Poetry Friday: Poetry Prep Work

Here it is Poetry Friday again and once again, I do not have any new poetry to share. It’s not that I haven’t been working on poetry – I have, but my writing has taken the form of editing chores, searching for publication possibilities, and new poetry groups to join. I also have been invited to do a poetry reading in May at the art gallery where I have sold my handcrafted jewelry for the past eight years. So, in actuality, I do have a lot going on with poetry, just not new poems.

My editing chores have involved reviewing my nature poetry for those are poems I will read at the gallery during the Poetry of Our Times exhibition. It has helped to let the poems sit for a while and then go back to them for editing. Fresh perspectives and new words appear in my head as possibilities to change the poem and make it better. Today, I plan to look for a poetry editor on Reedsy or Fivver to review the poetry for me before I become an indie publisher!

There is a time crunch here, however. The gallery wants the material related to the exhibition to be checked in by April 25th so they can enter it into their POS (point of sale) system and price it. I am taking a stack of THINGS WE DO books, the poetry anthology which contains my first published poem, INVENT. And, I plan to take the chapbook of nature poems IF I can get it finished in time. I also made some cards and postcards, similar to those I sent in the winter poetry postcard exchange, for sale. Those have been ordered. The chapbook is the biggest question but I think I can make it work. I think there comes a time when you have to say “enough” and have another set or two of eyes on what you’ve written. I’m at that point.

There is a poetry book in my collection from the gallery entitled A Rural Alphabet by Monica Jagel and Joanne Adragna Shird. I’ve owned the book since 2014. I contacted Monica about her self-publication experience because the book is very nicely done. She responded immediately with her experience and possible avenues for me to take. It pays to network! I’ll be pleased if my chapbook turns out as nice as Monica’s did.

I also found a state poetry group to join in Wisconsin. The group is named the Wisconsin Fellowship of Poets. The fee to join is nominal and they run several contests a year as well as critique groups. I was excited to find it and will take care of joining today.

Image by David Mark from Pixabay

Lastly, I’ve been learning how to do a voice-over on a google slide presentation I have on flower bulbs. I found a tutorial on YouTube for Audacity and have been working on adding my voice-over for the last two days. The presentation is for six first-grade classrooms on their environmental day, April 6th. This relates to poetry because when I teach the unit I have the students take a nature walk and then write acrostic poems on TULIPS, BULBS, or SPRING with the impressions of what they saw.

Since A Rural Alphabet book dealt with nature and farming, I found a Walt Witman poem in the public domain that spoke to this subject.

A Farm-Picture

By Walt Whitman


Through the ample open door of the peaceful country barn,
A sun-lit pasture field, with cattle and horses feeding;
And haze, and vista, and the far horizon, fading away.
Public Domain.

Whitman’s poem speaks perfectly about what is to come in the mid-west as the season gives way to warmer and brighter days. It is a perennial picture painted with words for all of us who bear the winter in the north.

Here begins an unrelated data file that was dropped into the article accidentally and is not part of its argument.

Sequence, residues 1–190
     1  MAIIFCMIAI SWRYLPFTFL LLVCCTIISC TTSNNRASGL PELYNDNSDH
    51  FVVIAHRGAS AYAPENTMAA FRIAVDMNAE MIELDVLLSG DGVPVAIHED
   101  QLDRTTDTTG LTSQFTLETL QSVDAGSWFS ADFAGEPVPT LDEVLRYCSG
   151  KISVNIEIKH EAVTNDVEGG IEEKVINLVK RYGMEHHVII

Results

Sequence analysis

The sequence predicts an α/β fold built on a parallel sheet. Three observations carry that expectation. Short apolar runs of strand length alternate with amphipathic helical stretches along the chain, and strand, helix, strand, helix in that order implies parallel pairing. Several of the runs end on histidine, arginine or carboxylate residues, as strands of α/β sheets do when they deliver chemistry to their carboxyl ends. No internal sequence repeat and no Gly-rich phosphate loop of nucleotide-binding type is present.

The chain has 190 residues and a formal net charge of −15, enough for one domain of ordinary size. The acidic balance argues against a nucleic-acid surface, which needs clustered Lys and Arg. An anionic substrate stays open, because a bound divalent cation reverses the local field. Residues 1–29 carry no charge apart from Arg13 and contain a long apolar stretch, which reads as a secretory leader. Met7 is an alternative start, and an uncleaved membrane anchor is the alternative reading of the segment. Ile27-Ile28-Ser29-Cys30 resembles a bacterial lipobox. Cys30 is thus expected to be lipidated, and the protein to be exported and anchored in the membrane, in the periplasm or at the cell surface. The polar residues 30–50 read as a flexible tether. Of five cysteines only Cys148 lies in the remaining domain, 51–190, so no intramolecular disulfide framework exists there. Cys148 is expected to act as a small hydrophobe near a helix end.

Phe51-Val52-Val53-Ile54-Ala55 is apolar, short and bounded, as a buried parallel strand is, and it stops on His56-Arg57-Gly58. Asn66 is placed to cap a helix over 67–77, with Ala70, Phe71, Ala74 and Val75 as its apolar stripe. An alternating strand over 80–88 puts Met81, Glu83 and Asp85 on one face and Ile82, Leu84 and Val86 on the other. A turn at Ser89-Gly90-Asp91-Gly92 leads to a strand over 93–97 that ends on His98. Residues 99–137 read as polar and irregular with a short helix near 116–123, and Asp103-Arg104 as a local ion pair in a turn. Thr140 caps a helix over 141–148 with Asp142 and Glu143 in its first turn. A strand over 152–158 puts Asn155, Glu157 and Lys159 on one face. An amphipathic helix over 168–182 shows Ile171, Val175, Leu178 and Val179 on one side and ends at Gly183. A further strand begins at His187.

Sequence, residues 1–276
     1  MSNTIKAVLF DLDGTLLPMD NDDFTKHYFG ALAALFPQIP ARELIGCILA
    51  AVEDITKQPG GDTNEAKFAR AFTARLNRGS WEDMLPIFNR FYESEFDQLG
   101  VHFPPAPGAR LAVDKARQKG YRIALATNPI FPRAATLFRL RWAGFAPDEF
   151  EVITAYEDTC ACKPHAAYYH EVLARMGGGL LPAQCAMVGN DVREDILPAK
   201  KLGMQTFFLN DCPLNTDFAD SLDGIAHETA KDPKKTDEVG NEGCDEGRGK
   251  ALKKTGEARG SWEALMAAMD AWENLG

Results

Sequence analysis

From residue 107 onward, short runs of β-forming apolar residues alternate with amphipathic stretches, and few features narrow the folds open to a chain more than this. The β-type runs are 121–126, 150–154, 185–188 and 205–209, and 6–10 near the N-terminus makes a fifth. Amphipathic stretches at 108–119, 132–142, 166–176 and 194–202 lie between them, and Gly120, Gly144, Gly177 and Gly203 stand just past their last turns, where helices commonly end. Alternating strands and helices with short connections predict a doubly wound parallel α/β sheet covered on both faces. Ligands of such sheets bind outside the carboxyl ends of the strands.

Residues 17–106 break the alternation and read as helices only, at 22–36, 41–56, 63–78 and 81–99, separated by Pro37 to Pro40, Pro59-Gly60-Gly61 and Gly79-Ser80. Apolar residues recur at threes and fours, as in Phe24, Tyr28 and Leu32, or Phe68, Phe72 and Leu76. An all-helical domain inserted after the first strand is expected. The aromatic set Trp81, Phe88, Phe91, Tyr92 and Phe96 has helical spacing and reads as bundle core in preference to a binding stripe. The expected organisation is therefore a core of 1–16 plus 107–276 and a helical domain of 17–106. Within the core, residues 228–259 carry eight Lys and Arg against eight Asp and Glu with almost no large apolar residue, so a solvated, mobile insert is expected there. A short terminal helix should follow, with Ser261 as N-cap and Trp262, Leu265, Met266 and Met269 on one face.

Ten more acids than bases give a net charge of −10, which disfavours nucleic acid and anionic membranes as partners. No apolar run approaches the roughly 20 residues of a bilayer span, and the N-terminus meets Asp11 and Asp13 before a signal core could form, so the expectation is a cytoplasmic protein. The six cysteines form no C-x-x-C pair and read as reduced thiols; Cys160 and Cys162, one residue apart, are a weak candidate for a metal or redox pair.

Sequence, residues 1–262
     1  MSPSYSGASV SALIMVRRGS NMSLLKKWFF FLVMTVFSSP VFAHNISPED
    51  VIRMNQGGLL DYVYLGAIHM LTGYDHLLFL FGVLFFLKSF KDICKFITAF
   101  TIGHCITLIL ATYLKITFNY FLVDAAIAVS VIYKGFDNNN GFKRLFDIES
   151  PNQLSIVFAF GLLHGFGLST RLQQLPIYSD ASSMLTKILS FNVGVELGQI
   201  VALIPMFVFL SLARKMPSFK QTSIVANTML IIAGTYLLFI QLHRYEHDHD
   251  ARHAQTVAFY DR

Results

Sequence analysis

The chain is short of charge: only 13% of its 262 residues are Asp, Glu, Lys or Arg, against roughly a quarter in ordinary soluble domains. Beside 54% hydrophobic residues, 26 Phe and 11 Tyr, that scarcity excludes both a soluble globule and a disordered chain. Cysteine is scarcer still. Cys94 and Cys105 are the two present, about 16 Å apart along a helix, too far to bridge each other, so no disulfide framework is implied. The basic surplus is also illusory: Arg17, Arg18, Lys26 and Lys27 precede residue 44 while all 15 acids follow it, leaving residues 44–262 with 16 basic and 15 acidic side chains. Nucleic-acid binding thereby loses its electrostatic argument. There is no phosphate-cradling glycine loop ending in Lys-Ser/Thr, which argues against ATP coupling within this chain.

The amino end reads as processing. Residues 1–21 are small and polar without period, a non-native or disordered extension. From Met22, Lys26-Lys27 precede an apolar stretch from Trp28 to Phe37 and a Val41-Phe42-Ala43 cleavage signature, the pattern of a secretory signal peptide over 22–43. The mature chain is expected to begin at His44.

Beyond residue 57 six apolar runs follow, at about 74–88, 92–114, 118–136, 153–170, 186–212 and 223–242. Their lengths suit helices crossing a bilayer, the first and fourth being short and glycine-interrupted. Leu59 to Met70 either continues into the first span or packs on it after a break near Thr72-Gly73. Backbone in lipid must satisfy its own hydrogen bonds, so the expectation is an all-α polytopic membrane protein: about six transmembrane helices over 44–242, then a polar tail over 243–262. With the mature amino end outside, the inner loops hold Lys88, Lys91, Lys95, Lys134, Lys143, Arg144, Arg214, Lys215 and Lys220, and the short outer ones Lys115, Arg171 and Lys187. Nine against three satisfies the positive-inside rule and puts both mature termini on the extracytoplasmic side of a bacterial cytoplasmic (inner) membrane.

I’m returning to Poetry Friday after a week off from my daily blogging. It was refreshing to work on some different writing – some that will benefit me and help me to grow in this craft. Thanks for stopping by. I do appreciate any comments! I am both thankful and glad to be part of this group.

Our host for this week’s round-up is Amy at The Poem Farm. Thanks for hosting, Amy!

14 thoughts

  1. Oh, Carol, all of these poetry tasks are very important to support your work. I admire you taking the time and knowing when what bit needs to be done. Whitman’s poem gave me a happy deep breath this late afternoon. Thank you, and all best with so much goodness! What a beautiful way to share spring poetry with young writers! xo

    Liked by 1 person

  2. I’d say you’ve been busy, Carol! The Walt Whitman poem was enough of a swap, and I may just carry that poem with me for a while. Best of all? I loved hearing about the wonderful, WELL-DESERVED opportunities coming your way.

    Liked by 1 person

      1. It HAS gone well…now is about the time of the month where I’m figuring out what’s next for me. Which might be even scarier than the prospect of writing each day in March!

        Liked by 1 person

  3. I love hearing about the behind-the-poems processes…and Reedsy and Fivver? Hmmmmm….good luck with your chapbook and your gallery reading, how exciting!

    Liked by 1 person

    1. Thanks, Heidi! I was referred those sites by a book author I took a course from on Self Publishing in 2020. Luckily, I didn’t have to go that route but found an editor who is a friend of my son and does some freelance work on the side of her “real” editing job! I was happy to have a more “known” source for the editing work!

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  4. Welcome back, Carol, You are busy with so much! All the best on all your endeavors this month. The voiceover on the Slides sounds like a great idea. I also like the flower acrostics, arising from observations of the flowers. I’m sure those would be some special children’s poems.

    Liked by 1 person

    1. Thanks, Denise. The bulb lesson is ususally higly successful. I hope that it is the case with this group as well – I think it will be, I’ve just never done it remotely.

      Thank you also for letting know about how to comment on your blog as well! I appreciate the time you took to do that.

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